The legal limit: how low will states go?

For more than a decade, a blood alcohol content of .08 has been the legal limit throughout the United States. While penalties for driving under the influence have always varied across the country, until recently you could at least travel out of state and know the legal limit was the same as at home.

That's starting to change. Last week Utah became the first state to lower the cutoff for driving under the influence to .05. While there aren't any signs so far that other states will follow suit, that could change if it this law does, in fact, end up making Utah's roads safer, as its supporters are hoping it will.

The National Transportation Safety Board recommended that states adopt the .05 limit a few years ago, as a way to curb highway deaths, Business Insider reported at the time. Many other countries, including almost all of Europe, make it illegal to drive with a BAC above .05.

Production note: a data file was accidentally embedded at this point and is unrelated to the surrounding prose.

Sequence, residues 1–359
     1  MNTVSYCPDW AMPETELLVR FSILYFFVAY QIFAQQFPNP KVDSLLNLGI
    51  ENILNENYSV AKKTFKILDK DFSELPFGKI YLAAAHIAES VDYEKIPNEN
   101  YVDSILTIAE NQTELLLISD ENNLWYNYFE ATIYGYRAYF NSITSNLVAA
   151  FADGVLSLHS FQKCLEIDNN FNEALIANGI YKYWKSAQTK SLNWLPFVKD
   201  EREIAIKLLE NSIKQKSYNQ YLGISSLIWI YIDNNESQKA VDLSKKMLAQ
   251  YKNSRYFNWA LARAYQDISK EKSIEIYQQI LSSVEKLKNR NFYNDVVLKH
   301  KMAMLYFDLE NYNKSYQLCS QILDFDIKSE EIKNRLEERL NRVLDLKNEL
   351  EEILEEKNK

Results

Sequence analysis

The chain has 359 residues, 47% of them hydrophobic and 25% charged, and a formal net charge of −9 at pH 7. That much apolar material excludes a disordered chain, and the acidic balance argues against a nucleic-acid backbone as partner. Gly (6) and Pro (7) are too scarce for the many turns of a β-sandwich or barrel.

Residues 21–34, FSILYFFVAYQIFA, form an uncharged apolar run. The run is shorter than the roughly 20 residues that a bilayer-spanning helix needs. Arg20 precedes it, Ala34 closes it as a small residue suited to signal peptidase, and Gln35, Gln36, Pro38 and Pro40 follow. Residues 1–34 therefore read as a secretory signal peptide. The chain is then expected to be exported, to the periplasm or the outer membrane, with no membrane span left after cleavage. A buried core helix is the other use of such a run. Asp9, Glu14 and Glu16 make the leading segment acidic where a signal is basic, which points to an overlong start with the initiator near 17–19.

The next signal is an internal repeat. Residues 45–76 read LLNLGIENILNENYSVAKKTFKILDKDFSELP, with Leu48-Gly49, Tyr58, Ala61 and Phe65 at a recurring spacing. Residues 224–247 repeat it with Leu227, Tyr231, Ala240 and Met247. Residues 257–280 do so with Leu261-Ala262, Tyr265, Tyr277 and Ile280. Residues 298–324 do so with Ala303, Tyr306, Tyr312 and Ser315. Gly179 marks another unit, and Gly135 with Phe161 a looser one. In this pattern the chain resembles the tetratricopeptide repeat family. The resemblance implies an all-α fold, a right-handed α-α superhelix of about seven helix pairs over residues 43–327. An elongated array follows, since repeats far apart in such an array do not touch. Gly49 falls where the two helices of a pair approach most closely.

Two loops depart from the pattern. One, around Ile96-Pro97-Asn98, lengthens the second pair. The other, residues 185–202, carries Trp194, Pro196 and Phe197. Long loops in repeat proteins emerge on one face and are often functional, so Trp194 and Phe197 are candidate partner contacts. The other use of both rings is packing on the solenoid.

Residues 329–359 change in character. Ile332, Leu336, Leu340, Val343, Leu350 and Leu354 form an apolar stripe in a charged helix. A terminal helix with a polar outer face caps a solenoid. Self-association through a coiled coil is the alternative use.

Not all of Utah's lawmakers supported the new law, however. Some pointed to research showing that most traffic deaths caused by drunk drivers are caused by drivers with a BAC well above .15 - not by drivers with a BAC between .05 and .08.

For Louisiana residents, Utah's law might not matter much right away unless you're traveling out of state. But it's a good reminder that DUI laws can and do change. And with Louisiana's already strict DUI laws, it's good to pay attention to these changes.

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